Objective: Depression, apathy (amotivation) and cognitive impairment are common comorbidities in hip fracture patients, which may adversely affect functional outcome of rehabilitation. We examined whether postfracture measures of mood, motivation or cognition are associated with rehabilitation outcome (defined as functional improvement) in inpatient rehabilitation facilities (IRFs), as compared to skilled nursing facilities (SNFs). Methods: This prospective study examined elderly patients who received surgical fixation for hip fracture and then received post-acute rehabilitation at an IRF or an SNF. Subjects were characterized at baseline for depression using the Hamilton Rating Scale for Depression, apathy/amotivation using the Apathy Evaluation Scale and mild-moderate cognitive impairment using the Mini-Mental Status Examination. Functional recovery was measured over 12-week follow-up using the Functional Independence Measure. Results: Fifty-eight subjects were discharged from acute care to an IRF and 39 to an SNF. Patients with depression, apathy or cognitive impairment who received rehabilitation at an IRF had significantly better functional outcomes than similarly impaired patients at SNFs, and similar outcomes such as nondepressed, motivated and cognitively intact elderly at IRFs. Conclusion: These findings suggest that depression, amotivation or mild-moderate cognitive impairment after hip fracture do not reduce the benefit of post-acute rehabilitation in an IRF.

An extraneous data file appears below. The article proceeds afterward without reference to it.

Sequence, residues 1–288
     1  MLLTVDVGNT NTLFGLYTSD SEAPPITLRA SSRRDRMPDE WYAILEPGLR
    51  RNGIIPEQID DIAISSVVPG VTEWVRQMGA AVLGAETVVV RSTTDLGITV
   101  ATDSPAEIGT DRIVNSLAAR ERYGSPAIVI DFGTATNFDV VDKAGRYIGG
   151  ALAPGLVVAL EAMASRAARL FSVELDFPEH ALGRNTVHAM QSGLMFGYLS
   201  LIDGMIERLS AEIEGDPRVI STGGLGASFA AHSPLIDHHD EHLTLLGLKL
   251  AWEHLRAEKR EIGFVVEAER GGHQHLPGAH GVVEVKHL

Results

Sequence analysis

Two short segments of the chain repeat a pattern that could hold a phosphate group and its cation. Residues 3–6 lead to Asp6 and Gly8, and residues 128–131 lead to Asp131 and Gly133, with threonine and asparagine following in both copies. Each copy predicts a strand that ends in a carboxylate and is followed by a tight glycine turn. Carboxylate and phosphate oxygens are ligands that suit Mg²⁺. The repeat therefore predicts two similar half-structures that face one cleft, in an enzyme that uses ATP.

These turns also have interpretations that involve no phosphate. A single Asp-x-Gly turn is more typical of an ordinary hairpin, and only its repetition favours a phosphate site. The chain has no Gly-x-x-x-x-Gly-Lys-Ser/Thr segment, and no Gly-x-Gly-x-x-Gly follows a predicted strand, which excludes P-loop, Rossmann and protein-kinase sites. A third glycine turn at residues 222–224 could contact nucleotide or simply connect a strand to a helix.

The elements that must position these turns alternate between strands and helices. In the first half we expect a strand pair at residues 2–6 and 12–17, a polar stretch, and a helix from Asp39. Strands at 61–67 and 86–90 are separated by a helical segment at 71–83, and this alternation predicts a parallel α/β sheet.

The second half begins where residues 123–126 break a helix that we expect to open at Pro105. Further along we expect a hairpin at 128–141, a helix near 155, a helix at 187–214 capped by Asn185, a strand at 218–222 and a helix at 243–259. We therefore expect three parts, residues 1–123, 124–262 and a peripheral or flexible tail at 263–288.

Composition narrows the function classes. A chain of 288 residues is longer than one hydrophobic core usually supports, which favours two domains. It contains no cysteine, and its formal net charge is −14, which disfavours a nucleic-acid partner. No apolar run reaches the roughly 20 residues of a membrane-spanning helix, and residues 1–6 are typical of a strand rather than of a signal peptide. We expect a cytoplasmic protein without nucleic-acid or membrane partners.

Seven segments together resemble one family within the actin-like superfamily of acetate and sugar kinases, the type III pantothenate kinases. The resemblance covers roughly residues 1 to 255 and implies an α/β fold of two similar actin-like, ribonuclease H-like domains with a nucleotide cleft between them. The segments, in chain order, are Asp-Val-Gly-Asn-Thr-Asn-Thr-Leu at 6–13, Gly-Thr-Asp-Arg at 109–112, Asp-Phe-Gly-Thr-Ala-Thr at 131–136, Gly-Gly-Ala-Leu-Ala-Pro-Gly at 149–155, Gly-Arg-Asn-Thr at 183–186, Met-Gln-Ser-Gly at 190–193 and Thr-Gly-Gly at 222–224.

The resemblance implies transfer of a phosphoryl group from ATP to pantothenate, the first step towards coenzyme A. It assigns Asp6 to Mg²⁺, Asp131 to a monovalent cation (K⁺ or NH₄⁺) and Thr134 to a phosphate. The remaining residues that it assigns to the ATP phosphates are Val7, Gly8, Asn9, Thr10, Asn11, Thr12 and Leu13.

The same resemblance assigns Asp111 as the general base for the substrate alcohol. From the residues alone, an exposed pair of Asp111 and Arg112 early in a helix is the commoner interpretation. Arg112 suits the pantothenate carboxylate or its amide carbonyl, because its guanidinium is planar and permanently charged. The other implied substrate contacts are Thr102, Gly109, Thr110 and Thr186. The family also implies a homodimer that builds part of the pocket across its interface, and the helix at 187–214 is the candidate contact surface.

|Number of pages||6|
|Journal||General Hospital Psychiatry|
|State||Published - Mar 1 2007|
- Geriatric depression
- Hip fracture